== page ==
Voters have witnessed two presidential debates already: the first at Capitol University in Cagayan de Oro City and a second one at the University of the Philippines–Cebu. Have these clarified the platforms of the presidential candidates? Did these debates clarify their positions on the major issues and problems confronting the Filipino people? Have these debates sharply delineated their differences in platforms and positions?
Sadly, if one would take the personal attacks aside, there are no sharp differences in what the presidential candidates have been declaring as their platforms and would be policies. President Aquino was right in saying that there is no “genuine or authentic” opposition if one is to look at the programs and policies of the different candidates for president. All candidates appear intent on merely continuing the programs and policies being implemented by the Aquino administration. But President Aquino could not claim that these were new to his administration and therefore, could be defined within his “daang matuwid” program. These policies and programs are merely a continuation of the neoliberal policies and programs that were pursued by the past administrations since the 1980s.
As for the banner issues being put forward by the candidates:
Eliminate crime and corruption? All of them have been promising that. Generate jobs, fast track infrastructure projects, especially those under the Public Private Partnership project? Everybody has been saying that. Remove the remaining restrictions on foreign investments, especially through amending the economic provisions in the 1987 Constitution? Continue the Conditional Cash Transfer (CCT) or Pantawid Pamilyang Pilipino Program (4Ps)? No candidate has contested that.
But there are fundamental issues that the candidates for president would rather not touch such as:
1. Sovereignty – There are two issues on sovereignty: political and economic. On political sovereignty, except for Miriam Defensor-Santiago, no other candidate has expressed a position against the enhanced and continuing presence of US troops and war materiel in the country and has committed to work for the abrogation of the Enhanced Defense Cooperation Agreement, the Visiting Forces Agreement, and the Mutual Defense Treaty. This may be due to their belief that the country’s security depends a lot on the US, especially with the current territorial dispute against China. These candidates do not believe that the country could strengthen itself on its own and rely on its citizens to defend the country and its sovereignty. And of course, they are afraid to provoke the ire of the US, who could make life difficult for a candidate or target him or her for “regime change” in the future.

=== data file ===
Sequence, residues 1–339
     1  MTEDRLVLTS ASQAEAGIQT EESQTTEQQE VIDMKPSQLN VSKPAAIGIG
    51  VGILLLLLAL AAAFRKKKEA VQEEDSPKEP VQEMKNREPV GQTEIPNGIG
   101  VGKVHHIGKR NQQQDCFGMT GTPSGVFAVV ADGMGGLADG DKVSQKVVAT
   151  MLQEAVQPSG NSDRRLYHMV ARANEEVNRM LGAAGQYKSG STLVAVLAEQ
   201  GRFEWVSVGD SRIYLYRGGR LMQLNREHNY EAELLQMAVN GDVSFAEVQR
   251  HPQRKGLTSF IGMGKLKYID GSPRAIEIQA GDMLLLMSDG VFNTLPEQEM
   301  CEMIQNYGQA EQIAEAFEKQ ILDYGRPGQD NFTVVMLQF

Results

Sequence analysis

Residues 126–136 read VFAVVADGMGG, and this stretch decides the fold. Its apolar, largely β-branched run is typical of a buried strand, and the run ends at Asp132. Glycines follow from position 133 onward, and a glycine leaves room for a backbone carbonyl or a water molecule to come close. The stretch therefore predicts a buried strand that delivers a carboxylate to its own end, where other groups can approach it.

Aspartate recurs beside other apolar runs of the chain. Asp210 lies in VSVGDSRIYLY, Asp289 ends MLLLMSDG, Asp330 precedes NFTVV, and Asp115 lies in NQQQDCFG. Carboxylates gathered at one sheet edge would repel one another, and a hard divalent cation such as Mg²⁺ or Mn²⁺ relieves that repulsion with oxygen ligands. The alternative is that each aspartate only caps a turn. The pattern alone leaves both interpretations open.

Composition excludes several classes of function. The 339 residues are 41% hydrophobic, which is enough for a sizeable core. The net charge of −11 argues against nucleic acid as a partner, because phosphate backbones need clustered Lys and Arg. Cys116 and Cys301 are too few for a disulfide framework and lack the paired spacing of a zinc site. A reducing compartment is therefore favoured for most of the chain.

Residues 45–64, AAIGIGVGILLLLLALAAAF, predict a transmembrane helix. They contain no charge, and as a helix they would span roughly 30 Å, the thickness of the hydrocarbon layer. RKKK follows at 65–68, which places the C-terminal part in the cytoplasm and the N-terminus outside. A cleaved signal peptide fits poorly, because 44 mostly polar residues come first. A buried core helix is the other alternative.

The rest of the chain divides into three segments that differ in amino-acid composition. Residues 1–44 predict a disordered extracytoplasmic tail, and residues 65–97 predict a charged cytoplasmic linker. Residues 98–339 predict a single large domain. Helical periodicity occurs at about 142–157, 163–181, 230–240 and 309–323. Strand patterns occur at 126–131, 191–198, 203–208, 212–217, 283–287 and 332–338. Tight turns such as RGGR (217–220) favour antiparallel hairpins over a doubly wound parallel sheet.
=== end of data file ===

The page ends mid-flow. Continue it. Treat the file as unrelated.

On economic sovereignty, no candidate has declared an intention to reverse the liberalization, deregulation, and privatization policies that have been a burden to the Filipino people through higher prices of basic goods and commodities and more expensive rates of basic utilities and services. Instead, all have even promised to intensify these policies through amending the 1987 Constitution. No candidate has declared that his or her administration would pursue policies related to and invest in developing local industries to provide for the needs of the people and the economy and generate local jobs.
It appears that all the candidates subscribe to the belief that the country’s development and job generation program are hinged on foreign investments.
2. Agrarian reform – No candidate has, so far, declared his or her platform for agrarian reform, including government investments to support farmers and the development of rural industries for processing of agricultural produce to supply the food and other needs of the people and raw materials for local industry.
Perhaps, this is due to the fact that majority of politicians at the local level, especially in the provinces, are either landlords or have the support of big landlords. Likewise, among the biggest supporters of national candidates, in terms of financing and vote getting, are owners of vast landholdings, which include corporations and political warlords.
3. Pursuit of comprehensive, substantial, and effective programs and projects to protect the environment and investment in measures for climate change mitigation and adaptation. – This would also entail the reversal of laws, policies, programs and projects that destroy the environment such as large-scale, extractive mining for export, dirty sources of energy such as coal-fired power plants, dependence on imported oil and gas, commercial logging, heavy use of chemical fertilizers and pesticides especially by large agro-industrial corporations, among others. This should also translate into stricter environmental regulations for corporations and government investments in clean energy.